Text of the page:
Although the process of weaving has been modified and adapted to every technological advancement known to humanity, including that of computers, when one watches a contemporary weaver working at a loom in the early 2000s, what is being observed is essentially a process, and equipment, that goes back thousands of years. The loom was invented as a means to hold one set of elements, the warp (yarns extended lengthwise on the loom), under tension so that the second set of elements, the weft (yarns running crosswise), could be inserted and interlaced with the warp, to form cloth. The loom that most contemporary weavers use is called a floor loom (or a treadle loom, a shaft loom, or a harness loom). There are numerous companies making these looms in the early twenty-first century, each with its own modifications, but the essentials of the shaft looms are the same.
Elements of a Shaft Loom
The essential parts of a shaft loom are illustrated in the given diagram. The loom has a frame with both a front
beam and a back beam. Below the back beam lie one or two warp beams, which hold the warp or warps threads. Each warp beam will have a crank attached to it that is used to turn the beam as the warp is wound on to it. Below the front beam is the cloth beam, which holds the finished cloth as it is woven. The warp is tensioned between the back and cloth beams; the tensioning of these threads is one of the essential reasons for having a loom.
The castle is in the middle of the loom; it can be high or low, depending on the manufacturer, and the shafts (sometimes called harnesses by weavers in the United States) are seated within it. The shafts can be suspended from chains or ropes attached to levers or pulleys, or they may be riding in slots at the side of the castle.
Floor looms are generally built with anywhere from 2 to 24 shafts, though the majority of looms are 4-, or 8-, or 16-shaft looms. Shafts are movable frames that hold heddles. Heddles have eyes (holes) in their center through which individual warp ends are threaded. In the space between the shafts and the front beam, a loom has a beater, which may be suspended from a high castle or pivoting from the bottom of the loom. The beater has a furrow in its frame in which a reed is placed. Reeds are flat metal or steel combs, with evenly spaced teeth. The spaces of a reed are called dents, and these are manufactured with different specifications. A weaver will usually have a number of different reeds (perhaps one with 8 dents per inch; one with 12 dents per inch; maybe one with 20 dents per inch). Depending on the sett (the density) of their warp, the weaver will insert the appropriate reed into the beater. When the beater is brought forward during weaving, the reed passes smoothly between the warp ends that are threaded in it, and then pushes the weft into the web of the cloth. More than one warp end can pass through a dent of the reed, as long as they are adjacent ends. The front of the beater usually extends a bit under the threads, and is called the shuttle race. When the shuttle (the device that holds a bobbin wound with the weft yarn) is thrown from edge to edge, it slides smoothly along the shuttle race.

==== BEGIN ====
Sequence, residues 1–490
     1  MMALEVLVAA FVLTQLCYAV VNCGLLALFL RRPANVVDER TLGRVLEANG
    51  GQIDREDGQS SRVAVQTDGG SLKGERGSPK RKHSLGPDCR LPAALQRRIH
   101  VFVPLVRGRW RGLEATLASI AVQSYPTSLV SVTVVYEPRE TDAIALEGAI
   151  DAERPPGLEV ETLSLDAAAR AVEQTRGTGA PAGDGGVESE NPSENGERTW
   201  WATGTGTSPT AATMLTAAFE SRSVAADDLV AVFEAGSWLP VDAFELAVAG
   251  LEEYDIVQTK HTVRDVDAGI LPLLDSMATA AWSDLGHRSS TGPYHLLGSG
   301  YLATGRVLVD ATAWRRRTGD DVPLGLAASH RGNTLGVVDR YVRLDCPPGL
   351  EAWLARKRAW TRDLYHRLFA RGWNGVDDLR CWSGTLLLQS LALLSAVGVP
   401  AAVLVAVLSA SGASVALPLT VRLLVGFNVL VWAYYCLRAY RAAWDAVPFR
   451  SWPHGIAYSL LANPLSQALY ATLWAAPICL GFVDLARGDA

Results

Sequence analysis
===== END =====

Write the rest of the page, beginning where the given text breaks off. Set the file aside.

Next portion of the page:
Floor looms have treadles (pedals) that are attached to the shafts, so when a treadle is depressed the shaft will raise or lower. Lamms are the horizontal levers that reside between the treadle and the shaft and they help with the mechanics of the lifting of the shafts. Looms are usually equipped with the same number of treadles as shafts, plus two; but some four-harness looms have only four pedals. Since a weaver needs to change which shafts are tied to a pedal fairly often, the ease of changing the connection (the tie-up) is very important. Some manufacturers use string devices to make the tie-up; others use metal hooks.